Little is known about the biology of this huge fish. Alligator gar are usually found in slow sluggish waters, although running water seems to be necessary for spawning. They appear to spawn in the spring beginning sometime in May. Eggs are deposited in shallow water. Young fish may consume insects. Adults feed primarily on fish, but will also take waterfowl. This species is able to tolerate greater salinities that other gar species and feeds heavily on marine catfish when they are available.


Alligator gar are present in the Gulf of Mexico coastal plain from the Econfina River in west Florida west and south to Veracruz, Mexico. The species range extends north in the Mississippi River basin to the lower reaches of the Missouri and Ohio rivers. An isolated population also occurs in Nicaragua. In Texas, alligator gar may be found in coastal rivers and streams from the Red River west to the Rio Grande.


Gar have traditionally been considered rough fish by the majority of anglers. However, for a relatively few mavericks gar fishing may be quite an exciting and enjoyable sport. In Texas, alligator gar up to 279 pounds have been captured by rod and reel anglers, and over 300 pounds by trotliners. In the Southeastern part of the state, gar are commonly accepted as a fine food fish. Alligator gar are often taken by by bowfishers or by anglers using nylon threads, rather than hooks, to entangle the fish's many sharp teeth.

Longnose Gar (Lepisosteus osseus) 


Needlenose Gar, Billfish, Billy Gar


Lepisosteus is Greek, meaning "bony scale", and osseus is Latin, meaning "of bone." Longnose gar are distinguished from other gar species found in Texas by the long snout whose length is at least 10 times the minimum width.


Spawning activity occurs as early as April, in shallow riffle areas. Females, typically the larger sex, may be accompanied by one or many males. Although nests are not prepared, gravel is swept somewhat by the spawning action itself. Each female may deposit a portion of her eggs at several different locations. The adhesive eggs are mixed in the gravel, hatching in six to eight days. Yolk-sac fry have an adhesive disc on their snouts by which they attach themselves to submerged objects until the yolk sac is absorbed. Fry feed primarily on insect larvae and small crustaceans such as water fleas. Fish appear in the diet very early.


Longnose gar are typically associated with backwaters, low inflow pools and moderately clear streams. They often do very well in man-made impoundments.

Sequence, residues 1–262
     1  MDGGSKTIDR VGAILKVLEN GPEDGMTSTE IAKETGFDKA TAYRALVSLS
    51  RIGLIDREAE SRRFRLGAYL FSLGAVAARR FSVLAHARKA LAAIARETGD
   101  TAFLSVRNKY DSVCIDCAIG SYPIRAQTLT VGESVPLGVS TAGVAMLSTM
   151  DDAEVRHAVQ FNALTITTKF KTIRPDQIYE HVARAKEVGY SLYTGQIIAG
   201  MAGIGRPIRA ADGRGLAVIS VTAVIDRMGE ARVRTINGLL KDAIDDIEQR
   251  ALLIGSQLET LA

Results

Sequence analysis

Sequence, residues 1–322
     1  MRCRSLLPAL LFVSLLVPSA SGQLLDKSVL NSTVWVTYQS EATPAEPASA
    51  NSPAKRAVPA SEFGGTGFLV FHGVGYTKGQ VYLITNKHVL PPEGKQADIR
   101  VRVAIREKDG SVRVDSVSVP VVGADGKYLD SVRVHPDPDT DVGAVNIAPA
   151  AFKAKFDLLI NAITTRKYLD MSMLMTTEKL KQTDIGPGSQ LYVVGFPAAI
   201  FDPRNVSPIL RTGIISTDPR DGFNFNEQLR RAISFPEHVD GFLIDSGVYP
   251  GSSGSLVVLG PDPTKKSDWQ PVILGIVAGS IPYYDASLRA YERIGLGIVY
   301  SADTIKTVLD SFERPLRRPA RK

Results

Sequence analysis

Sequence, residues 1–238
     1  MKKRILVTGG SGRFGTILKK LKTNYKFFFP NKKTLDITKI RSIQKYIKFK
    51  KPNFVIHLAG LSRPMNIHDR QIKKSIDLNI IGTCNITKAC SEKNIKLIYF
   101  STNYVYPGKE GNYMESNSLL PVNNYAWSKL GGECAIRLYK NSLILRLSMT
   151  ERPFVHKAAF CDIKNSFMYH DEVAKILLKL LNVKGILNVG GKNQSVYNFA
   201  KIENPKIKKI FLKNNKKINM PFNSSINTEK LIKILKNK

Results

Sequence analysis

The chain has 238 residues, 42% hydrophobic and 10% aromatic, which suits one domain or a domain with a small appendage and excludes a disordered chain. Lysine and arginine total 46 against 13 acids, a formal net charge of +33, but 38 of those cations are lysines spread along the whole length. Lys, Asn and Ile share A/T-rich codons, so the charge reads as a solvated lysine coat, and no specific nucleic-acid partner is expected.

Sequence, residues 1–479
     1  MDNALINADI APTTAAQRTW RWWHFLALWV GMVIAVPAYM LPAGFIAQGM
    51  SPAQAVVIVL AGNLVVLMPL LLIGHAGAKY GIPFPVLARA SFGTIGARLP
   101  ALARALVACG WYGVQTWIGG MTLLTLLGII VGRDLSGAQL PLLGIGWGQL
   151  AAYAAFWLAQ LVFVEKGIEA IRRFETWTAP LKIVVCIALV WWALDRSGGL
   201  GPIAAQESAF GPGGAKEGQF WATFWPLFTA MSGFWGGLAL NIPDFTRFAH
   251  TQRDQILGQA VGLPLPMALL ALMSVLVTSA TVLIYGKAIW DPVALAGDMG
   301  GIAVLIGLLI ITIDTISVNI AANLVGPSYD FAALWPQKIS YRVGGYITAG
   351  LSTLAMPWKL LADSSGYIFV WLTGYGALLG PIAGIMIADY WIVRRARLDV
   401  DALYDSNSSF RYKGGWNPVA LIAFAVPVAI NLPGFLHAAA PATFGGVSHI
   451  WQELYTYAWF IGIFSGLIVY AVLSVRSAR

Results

Longnose gar range widely throughout the eastern US and north into southern Quebec. The species is especially common in the Mississippi River drainage and in the Carolinas. It may be found as far south and west as the Rio Grande drainage in Mexico, Texas and New Mexico. Longnose gar appear in most Texas rivers.


Longnose gar may be captured by entangling the teeth in nylon threads, or by bowfishing. In Texas, specimens in excess of 80 pounds have been landed using a bow and arrow.

Common Carp (Cyprinus carpio)  


German Carp, European Carp


Cyprinus is Greek, and carpio is Latin; both words mean "carp." The common carp is a heavy-bodied minnow with barbels on either side of the upper jaw. Typically, color varies from brassy green or yellow, to golden brown, or even silvery. The belly is usually yellowish-white. The dorsal fin with 17-21 rays, and the anal fin both have a heavy toothed spine. Individuals 12-25 inches in length and weighing up to 8-10 pounds are common, although they can grow much larger. Common carp may live in excess of 47 years and weigh over 75 pounds. The all-tackle world record was landed in 1987 from Lac de St. Cassien, France, and weighed in at 75 pounds 11 ounces.


Although carp are generally considered a nuisance by North American anglers, they are highly prized as sportfish in Europe, as they are often excellent fighters. A growing number of anglers in the US are becoming interested in carp as a sportfish. Although flavor varies with the quality of the water from which fish were captured, their sheer abundance has made them an important food fish in some areas.